HIV controllers with HLA-DRB1*13 and HLA-DQB1*06 alleles have strong, polyfunctional mucosal CD4+ T-cell responses

April L. Ferre, Peter W. Hunt, Delandy H. McConnell, Megan M. Morris, Juan Carlos Garcia, Richard B Pollard, Hal F. Yee, Jeffrey N. Martin, Steven G. Deeks, Barbara Shacklett

Research output: Contribution to journalArticle

81 Scopus citations

Abstract

A small percentage of human immunodeficiency virus (HIV)-infected individuals, termed elite controllers, are able to spontaneously control HIV replication in blood. As the gastrointestinal mucosa is an important site of HIV transmission and replication as well as CD4+ T-cell depletion, it is important to understand the nature of the immune responses occurring in this compartment. Although the role of the HIV-specific CD8+ T-cell responses in mucosal tissues has been described, few studies have investigated the role of mucosal HIV-specific CD4+ T cells. In this study, we assessed HIV-specific CD4+ T-cell responses in the rectal mucosa of 28 "controllers" (viral load [VL] of <2,000 copies/ml), 14 "noncontrollers" (VL of >10,000 copies/ml), and 10 individuals on highly active antiretroviral therapy (HAART) (VL of <75 copies/ml). Controllers had higher-magnitude Gag-specific mucosal CD4+ T-cell responses than individuals on HAART (P < 0.05), as measured by their ability to produce gamma interferon (IFN-γ), interleukin-2 (IL-2), tumor necrosis factor alpha (TNF-α), and macrophage inflammatory protein 1β (MIP-1β). The frequency of polyfunctional mucosal CD4+ T cells was also higher in controllers than in noncontrollers or individuals on HAART (P < 0.05). Controllers with the strongest HIV-specific CD4+ T-cell responses possessed class II HLA alleles, HLA-DRB1*13 and/or HLA-DQB1*06, previously associated with a nonprogression phenotype. Strikingly, individuals with both HLA-DRB1*13 and HLA-DQB1*06 had highly polyfunctional mucosal CD4+ T cells compared to individuals with HLA-DQB1*06 alone or other class II alleles. The frequency of polyfunctional CD4+ T cells in rectal mucosa positively correlated with the magnitude of the mucosal CD8+ T-cell response (Spearman's r = 0.43, P = 0.005), suggesting that increased CD4+ T-cell "help" may be important in maintaining strong CD8+ T-cell responses in the gut of HIV controllers.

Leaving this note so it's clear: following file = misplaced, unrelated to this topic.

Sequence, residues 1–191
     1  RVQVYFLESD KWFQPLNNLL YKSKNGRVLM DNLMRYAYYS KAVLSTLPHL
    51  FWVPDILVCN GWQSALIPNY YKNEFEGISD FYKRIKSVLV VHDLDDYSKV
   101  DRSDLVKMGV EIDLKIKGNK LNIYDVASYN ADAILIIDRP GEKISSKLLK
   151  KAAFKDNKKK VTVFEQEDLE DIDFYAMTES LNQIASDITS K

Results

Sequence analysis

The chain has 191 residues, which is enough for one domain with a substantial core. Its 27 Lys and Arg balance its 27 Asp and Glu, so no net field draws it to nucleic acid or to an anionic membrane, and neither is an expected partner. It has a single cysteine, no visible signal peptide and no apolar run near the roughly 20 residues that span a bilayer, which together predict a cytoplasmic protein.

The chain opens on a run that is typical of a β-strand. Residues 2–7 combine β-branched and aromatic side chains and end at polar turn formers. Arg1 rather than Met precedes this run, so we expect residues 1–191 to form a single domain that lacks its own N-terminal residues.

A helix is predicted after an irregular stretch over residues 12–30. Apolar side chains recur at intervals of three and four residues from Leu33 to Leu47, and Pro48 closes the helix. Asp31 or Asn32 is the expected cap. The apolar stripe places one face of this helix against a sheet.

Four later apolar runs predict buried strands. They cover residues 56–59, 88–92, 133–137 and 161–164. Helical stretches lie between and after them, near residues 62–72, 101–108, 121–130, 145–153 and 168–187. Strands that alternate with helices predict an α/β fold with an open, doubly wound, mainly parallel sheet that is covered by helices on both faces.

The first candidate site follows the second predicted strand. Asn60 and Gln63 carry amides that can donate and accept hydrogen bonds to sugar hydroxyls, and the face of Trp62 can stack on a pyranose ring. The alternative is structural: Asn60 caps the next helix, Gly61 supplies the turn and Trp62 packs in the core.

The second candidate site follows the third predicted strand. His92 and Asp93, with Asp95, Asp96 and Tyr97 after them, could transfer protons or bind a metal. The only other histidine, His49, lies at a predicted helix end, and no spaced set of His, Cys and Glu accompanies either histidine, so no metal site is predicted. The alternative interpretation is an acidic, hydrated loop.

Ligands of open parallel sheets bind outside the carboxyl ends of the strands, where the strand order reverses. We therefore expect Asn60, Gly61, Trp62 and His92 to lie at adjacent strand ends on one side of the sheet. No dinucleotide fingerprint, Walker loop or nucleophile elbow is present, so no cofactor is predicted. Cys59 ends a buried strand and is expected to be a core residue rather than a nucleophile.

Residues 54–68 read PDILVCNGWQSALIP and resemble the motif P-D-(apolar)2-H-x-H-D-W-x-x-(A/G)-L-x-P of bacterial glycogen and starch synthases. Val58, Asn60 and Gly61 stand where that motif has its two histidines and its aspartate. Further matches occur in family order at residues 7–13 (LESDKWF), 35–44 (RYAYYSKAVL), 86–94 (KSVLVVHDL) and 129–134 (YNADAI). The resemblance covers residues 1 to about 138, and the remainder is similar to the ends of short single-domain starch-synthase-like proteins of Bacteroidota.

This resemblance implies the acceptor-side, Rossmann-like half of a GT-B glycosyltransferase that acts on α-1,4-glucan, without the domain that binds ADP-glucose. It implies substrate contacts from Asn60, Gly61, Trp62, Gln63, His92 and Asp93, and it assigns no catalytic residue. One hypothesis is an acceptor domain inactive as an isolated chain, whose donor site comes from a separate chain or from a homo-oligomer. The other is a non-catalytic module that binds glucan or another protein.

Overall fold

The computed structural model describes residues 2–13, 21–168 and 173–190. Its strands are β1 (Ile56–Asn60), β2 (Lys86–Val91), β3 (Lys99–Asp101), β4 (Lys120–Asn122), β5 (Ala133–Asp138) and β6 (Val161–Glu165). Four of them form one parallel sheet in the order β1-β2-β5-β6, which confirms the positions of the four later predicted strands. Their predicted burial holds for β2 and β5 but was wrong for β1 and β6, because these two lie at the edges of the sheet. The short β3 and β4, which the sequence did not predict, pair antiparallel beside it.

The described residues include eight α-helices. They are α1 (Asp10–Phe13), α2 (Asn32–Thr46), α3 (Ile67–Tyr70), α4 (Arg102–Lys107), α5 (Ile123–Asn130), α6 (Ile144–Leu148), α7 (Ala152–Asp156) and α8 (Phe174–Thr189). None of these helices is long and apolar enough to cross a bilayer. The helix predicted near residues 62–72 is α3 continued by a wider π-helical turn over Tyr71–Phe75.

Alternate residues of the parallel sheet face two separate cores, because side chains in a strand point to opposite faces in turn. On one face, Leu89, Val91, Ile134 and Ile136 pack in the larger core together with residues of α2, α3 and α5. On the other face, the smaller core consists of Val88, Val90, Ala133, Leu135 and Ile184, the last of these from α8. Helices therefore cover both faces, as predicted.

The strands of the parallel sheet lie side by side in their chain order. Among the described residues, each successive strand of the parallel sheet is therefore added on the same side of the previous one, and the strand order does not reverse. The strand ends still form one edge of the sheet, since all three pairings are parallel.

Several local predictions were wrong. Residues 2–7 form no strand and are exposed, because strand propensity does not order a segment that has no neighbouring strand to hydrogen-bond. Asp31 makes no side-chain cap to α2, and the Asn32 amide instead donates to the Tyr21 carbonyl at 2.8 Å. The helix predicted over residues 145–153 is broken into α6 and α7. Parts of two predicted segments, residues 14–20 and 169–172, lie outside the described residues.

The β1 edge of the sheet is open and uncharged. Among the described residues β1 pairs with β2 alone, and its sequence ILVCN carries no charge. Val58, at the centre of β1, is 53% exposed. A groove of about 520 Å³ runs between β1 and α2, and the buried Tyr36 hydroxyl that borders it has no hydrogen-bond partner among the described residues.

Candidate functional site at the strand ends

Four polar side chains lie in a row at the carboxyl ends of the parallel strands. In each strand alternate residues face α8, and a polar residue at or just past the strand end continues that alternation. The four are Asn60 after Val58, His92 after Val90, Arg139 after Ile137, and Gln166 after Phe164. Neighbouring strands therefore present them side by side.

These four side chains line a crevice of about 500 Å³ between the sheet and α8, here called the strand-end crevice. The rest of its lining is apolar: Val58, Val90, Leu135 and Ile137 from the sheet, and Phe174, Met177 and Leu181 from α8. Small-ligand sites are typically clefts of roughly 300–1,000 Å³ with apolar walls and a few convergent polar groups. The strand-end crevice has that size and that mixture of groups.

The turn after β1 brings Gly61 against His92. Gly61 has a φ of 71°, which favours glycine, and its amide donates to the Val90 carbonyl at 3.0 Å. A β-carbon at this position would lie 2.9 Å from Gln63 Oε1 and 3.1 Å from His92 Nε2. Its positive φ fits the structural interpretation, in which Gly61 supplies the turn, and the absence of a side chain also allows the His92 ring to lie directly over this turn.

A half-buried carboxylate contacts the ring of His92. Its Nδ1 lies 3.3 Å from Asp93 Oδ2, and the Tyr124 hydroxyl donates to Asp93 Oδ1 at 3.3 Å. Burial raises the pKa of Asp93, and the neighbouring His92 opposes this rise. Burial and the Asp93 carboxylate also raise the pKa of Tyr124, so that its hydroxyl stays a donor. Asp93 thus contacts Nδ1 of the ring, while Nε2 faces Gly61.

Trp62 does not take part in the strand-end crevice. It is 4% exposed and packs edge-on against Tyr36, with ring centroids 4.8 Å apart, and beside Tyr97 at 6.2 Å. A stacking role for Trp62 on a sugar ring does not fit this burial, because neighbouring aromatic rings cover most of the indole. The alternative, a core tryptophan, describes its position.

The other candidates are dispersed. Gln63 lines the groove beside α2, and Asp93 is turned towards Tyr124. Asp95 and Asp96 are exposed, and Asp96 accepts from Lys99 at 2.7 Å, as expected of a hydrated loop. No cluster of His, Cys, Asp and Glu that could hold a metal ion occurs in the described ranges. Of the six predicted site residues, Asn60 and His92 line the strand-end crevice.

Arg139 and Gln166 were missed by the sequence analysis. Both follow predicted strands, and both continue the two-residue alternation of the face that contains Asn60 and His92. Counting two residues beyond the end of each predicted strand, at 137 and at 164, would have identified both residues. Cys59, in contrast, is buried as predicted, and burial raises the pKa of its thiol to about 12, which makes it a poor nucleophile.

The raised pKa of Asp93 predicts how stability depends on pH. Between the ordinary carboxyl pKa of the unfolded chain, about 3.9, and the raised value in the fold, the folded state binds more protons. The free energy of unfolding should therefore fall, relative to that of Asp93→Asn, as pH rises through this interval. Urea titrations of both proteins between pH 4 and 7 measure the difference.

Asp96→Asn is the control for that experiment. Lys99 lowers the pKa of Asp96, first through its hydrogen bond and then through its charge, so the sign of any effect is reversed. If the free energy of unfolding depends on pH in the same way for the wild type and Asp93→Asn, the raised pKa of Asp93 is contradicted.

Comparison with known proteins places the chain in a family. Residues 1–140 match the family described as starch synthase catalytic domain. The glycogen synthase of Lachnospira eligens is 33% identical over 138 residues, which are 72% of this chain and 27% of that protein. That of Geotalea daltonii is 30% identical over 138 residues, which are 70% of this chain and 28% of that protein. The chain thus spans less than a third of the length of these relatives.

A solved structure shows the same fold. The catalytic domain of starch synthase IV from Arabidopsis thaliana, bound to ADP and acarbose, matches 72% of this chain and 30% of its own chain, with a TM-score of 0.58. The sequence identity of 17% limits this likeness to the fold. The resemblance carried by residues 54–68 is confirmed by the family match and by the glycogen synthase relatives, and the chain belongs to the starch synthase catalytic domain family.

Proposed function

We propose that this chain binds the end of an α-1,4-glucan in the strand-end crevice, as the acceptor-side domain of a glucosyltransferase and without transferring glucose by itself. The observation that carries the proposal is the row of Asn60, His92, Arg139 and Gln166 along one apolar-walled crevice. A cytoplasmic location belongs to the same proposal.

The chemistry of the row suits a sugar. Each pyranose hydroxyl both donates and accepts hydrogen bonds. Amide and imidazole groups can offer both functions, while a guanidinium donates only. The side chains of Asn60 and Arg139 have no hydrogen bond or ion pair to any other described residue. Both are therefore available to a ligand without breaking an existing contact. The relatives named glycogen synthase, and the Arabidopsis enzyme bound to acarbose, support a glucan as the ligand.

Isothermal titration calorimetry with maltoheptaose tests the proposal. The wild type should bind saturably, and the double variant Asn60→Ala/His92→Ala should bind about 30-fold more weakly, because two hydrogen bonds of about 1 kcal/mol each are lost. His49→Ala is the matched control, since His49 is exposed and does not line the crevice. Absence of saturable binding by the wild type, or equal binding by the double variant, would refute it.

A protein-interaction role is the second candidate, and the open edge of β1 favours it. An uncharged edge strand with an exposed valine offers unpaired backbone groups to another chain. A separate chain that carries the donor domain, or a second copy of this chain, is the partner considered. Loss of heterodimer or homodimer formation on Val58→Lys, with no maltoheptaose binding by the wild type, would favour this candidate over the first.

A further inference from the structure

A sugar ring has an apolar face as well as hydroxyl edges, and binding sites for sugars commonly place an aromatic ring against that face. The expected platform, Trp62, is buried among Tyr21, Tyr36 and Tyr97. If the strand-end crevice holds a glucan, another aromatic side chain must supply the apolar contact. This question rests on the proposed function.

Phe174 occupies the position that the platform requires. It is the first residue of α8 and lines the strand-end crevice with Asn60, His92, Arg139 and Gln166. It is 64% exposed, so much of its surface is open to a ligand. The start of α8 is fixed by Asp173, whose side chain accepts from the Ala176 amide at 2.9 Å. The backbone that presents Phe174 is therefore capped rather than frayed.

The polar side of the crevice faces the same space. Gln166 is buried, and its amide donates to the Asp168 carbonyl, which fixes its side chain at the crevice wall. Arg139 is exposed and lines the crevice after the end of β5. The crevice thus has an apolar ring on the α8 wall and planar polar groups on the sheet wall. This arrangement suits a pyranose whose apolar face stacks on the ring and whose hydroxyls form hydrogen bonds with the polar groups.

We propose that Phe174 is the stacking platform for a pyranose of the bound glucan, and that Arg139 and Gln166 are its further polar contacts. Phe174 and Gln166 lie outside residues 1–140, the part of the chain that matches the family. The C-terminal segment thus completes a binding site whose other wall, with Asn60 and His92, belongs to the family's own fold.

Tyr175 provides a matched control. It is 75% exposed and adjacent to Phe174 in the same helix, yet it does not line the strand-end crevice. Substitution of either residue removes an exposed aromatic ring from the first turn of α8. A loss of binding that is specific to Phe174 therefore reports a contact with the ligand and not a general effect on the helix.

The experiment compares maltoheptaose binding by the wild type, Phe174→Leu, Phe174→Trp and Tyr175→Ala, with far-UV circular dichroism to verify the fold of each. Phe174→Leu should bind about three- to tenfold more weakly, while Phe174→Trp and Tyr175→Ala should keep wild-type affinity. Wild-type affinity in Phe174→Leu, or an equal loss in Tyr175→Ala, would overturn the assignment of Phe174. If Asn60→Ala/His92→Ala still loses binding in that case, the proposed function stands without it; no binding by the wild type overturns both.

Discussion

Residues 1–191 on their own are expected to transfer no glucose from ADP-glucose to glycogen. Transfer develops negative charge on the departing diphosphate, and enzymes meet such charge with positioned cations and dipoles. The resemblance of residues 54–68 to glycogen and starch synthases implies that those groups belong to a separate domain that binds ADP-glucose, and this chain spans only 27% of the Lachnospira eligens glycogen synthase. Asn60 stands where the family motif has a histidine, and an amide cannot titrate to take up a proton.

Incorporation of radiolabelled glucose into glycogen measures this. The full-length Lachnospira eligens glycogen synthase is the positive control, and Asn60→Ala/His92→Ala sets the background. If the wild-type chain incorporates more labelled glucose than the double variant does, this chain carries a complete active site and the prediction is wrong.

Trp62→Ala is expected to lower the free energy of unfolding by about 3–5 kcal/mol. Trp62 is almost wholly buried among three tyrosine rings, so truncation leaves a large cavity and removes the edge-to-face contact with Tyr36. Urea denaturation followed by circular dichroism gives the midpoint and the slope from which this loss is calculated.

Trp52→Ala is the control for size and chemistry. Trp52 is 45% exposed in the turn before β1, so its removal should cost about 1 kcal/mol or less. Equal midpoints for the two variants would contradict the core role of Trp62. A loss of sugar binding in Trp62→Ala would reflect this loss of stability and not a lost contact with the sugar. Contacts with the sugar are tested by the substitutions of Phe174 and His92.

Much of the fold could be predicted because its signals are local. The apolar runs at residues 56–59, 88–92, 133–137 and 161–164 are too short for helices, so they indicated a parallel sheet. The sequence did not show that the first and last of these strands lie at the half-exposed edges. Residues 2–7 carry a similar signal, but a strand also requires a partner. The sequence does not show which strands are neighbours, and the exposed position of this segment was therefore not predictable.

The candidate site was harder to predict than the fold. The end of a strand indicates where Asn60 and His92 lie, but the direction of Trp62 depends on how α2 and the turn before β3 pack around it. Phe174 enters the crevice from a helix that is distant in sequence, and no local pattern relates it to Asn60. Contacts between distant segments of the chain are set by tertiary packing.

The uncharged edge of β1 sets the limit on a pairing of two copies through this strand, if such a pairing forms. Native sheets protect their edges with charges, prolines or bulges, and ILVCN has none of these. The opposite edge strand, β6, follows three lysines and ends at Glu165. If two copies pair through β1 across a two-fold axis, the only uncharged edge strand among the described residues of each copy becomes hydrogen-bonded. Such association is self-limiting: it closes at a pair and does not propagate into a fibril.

Original languageEnglish (US)
Pages (from-to)11020-11029
Number of pages10
JournalJournal of Virology
Volume84
Issue number21
DOIs
StatePublished - 2010

ASJC Scopus subject areas

  • Immunology
  • Virology
  • Medicine(all)

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